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100 years ago in Spokane: Prohibition causes headaches for Catholic churches needing sacramental wine

Catholic churches were having trouble obtaining sacramental wine because of prohibition, The Spokesman-Review reported on Aug. 11, 1917. The newspaper also reported that World War I draft boards were cracking down on exemptions for having a dependent wife. (Spokesman-Review archives)
Catholic churches were having trouble obtaining sacramental wine because of prohibition, The Spokesman-Review reported on Aug. 11, 1917. The newspaper also reported that World War I draft boards were cracking down on exemptions for having a dependent wife. (Spokesman-Review archives)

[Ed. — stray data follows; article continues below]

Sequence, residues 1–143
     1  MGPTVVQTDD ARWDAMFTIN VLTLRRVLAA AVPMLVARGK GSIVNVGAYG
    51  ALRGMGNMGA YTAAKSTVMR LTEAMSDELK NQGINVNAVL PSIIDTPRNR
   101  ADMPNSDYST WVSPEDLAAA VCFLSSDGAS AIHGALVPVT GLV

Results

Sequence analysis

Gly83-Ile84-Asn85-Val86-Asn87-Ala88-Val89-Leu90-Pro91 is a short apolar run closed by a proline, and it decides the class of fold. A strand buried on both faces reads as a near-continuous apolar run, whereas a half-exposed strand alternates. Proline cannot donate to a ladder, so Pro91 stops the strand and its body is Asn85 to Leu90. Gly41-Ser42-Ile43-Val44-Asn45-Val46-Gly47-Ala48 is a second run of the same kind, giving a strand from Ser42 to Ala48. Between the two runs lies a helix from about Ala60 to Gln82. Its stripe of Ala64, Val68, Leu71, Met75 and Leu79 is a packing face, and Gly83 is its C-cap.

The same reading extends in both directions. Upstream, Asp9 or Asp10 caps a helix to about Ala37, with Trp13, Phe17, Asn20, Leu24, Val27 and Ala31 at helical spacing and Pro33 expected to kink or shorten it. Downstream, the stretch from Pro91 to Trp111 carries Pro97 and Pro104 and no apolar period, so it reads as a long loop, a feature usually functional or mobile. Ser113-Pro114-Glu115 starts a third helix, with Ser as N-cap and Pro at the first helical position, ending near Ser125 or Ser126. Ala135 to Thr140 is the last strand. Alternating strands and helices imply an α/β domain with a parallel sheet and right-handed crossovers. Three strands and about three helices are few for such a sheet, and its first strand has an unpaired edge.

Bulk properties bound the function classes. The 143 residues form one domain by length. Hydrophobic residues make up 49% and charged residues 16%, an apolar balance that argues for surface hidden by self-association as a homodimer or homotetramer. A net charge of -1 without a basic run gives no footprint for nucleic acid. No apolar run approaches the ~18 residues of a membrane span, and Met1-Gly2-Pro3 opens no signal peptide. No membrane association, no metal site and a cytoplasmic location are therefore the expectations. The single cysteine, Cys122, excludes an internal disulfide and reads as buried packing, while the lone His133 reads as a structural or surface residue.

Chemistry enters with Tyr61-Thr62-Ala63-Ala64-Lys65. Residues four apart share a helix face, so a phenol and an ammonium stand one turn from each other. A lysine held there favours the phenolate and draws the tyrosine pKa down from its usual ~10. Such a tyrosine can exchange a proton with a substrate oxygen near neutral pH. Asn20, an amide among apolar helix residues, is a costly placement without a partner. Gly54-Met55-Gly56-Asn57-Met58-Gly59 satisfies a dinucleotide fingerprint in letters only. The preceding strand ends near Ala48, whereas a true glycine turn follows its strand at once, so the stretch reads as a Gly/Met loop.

The state’s prohibition law was having an unintended consequence. Churches were having trouble obtaining sacramental wine.

Catholic Bishop Augustin F. Schinner of Spokane said that “local authorities in some of the towns do now seem to understand the law.” They were claiming that a federal law prohibited them from shipping wine into a dry territory, yet the law actually exempted sacramental wine.

Some churches were resorting to a simple solution. They had simply switched to unfermented grape juice. The Scripture, said one pastor, simply says “fruit of the vine.”

From the draft beat: Draft boards across the country, including in Spokane, were cracking down on exemptions because of a dependent wife. So many married men were claiming exemptions that authorities were worried about drafting enough men.

As a result, the instructions to draft boards had changed. They were no longer allowing exemptions to all married men. The men had to prove that the wife was supported entirely by the man’s labor. “When the wife can be supported by income from property or other sources, the man will not be exempted from military service.”


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